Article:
Gangrene is a form of necrosis caused by obstruction of the blood supply to an organ or tissue. An embolism, clot, or ischemia in almost any part of the body can cause gangrene, as can chronic circulatory problems from diseases such as diabetes mellitus. It often requires a mix of treatment such as removal of the dead tissue, amputation, antibiotics, vascular surgery, maggot therapy and the use of a hyperbaric chamber.
Common kinds of gangrene include:
- Diabetic: Gangrene usually of the lower extremities occurring in some diabetics.
- Dry: Gangrene that results when the dead area remains aseptic — this occurs when the arteries to the area are cut off, but not the veins, and the tissues take weeks or months to fall off. This is the type of gangrene suffered by Gregory House that resulted in muscle death and his disability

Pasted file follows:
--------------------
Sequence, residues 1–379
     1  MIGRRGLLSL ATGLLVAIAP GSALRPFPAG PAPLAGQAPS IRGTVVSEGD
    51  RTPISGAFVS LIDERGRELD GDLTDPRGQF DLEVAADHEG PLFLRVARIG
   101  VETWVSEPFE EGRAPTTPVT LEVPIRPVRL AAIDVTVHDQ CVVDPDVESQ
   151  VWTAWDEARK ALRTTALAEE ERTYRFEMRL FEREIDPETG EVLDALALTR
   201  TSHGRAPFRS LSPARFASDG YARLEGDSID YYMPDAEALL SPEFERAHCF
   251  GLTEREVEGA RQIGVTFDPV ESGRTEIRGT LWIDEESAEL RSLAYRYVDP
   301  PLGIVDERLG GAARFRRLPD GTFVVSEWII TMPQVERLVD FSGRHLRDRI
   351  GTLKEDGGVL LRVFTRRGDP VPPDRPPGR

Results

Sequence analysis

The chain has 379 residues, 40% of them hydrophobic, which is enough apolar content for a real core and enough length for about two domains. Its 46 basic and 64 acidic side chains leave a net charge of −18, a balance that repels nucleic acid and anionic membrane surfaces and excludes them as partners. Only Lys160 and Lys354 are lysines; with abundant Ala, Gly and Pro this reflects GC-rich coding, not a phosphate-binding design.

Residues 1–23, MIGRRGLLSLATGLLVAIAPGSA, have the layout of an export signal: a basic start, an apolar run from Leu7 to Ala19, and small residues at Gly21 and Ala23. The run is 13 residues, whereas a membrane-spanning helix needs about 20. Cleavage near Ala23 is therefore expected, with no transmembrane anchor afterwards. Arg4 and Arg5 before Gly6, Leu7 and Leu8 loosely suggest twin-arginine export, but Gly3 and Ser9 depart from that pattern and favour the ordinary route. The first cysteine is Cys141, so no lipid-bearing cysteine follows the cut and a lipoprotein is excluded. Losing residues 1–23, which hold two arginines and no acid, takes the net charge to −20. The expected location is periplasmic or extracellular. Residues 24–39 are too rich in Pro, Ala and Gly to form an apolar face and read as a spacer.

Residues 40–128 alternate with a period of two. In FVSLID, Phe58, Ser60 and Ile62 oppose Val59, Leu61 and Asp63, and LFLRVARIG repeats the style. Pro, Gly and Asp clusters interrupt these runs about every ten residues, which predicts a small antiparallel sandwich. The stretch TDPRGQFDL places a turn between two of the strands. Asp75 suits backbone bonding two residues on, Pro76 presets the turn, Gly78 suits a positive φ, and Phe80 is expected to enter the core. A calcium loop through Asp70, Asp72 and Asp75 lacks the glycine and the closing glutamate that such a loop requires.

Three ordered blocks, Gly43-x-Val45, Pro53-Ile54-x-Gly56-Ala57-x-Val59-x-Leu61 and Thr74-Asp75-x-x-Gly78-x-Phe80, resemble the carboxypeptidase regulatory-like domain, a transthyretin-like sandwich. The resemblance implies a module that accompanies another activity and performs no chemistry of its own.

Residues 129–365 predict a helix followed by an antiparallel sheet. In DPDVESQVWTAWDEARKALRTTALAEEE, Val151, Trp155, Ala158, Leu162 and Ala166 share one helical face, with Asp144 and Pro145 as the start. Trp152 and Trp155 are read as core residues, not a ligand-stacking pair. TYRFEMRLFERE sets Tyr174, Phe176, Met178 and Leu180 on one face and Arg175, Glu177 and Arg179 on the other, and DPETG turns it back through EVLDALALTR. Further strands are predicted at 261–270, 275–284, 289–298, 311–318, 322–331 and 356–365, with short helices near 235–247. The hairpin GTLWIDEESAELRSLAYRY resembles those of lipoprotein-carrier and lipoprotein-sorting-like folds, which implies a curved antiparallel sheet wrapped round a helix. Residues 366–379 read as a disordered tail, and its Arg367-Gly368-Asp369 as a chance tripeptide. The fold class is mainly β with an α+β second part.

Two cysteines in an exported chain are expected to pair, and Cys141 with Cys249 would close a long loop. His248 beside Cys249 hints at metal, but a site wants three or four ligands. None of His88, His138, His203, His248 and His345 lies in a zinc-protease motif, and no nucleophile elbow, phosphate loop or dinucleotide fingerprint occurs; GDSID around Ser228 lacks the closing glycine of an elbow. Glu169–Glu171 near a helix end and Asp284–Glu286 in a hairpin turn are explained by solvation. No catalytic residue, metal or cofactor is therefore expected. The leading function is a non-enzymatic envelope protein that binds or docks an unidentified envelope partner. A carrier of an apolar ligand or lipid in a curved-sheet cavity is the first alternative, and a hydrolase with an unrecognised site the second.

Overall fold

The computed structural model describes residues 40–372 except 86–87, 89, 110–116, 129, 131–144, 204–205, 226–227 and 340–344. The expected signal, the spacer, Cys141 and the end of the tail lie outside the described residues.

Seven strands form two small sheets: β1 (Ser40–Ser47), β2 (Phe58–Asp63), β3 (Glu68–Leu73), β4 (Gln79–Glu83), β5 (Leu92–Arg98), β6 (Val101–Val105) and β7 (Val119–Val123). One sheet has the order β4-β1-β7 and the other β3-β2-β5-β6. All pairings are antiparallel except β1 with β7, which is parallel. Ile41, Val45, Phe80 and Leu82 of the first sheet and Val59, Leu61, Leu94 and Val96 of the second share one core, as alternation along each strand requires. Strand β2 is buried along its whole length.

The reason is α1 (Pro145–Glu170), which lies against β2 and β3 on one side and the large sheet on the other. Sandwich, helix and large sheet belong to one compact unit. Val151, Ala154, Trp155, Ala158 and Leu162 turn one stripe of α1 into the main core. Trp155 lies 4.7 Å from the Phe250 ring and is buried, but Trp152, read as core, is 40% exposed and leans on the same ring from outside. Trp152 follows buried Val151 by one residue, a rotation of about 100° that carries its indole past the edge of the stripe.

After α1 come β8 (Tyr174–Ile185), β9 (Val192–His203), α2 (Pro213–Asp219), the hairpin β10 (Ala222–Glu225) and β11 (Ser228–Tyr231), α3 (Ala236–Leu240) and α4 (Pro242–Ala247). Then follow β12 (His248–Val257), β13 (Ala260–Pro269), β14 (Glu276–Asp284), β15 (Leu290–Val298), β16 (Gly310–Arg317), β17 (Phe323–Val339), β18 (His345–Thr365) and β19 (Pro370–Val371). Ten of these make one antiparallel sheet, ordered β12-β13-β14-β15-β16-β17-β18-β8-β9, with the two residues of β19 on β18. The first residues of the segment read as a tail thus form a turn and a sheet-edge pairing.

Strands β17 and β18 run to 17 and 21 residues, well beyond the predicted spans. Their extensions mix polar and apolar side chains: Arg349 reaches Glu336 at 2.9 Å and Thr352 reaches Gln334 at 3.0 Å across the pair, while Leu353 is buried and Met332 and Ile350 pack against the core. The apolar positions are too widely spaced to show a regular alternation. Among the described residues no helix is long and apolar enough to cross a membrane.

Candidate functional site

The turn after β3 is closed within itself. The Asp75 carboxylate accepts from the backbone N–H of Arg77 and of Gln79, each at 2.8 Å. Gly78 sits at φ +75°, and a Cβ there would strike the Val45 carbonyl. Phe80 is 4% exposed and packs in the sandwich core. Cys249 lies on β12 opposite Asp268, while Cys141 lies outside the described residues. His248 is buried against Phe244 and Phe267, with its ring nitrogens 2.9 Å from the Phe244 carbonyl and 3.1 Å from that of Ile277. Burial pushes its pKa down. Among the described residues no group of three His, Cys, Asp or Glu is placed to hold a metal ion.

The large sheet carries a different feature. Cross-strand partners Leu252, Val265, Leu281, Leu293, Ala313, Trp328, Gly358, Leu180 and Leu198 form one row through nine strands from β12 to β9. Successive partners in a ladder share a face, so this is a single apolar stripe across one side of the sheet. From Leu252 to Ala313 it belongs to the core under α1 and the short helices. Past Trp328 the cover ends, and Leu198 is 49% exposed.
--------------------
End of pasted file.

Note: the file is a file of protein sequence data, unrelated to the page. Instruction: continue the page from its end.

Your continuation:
- Gas: Gangrene that occurs in a wound infected by a gas-producing bacteria such as clostridium perfringens
- Moist: Gangrene that is wet because of necrosis and infection — it leaks fluids and decomposes rapidly. This is typical of conditions such as necrotizing fasciitis
- Traumatic: Gangrene caused by serious injuries.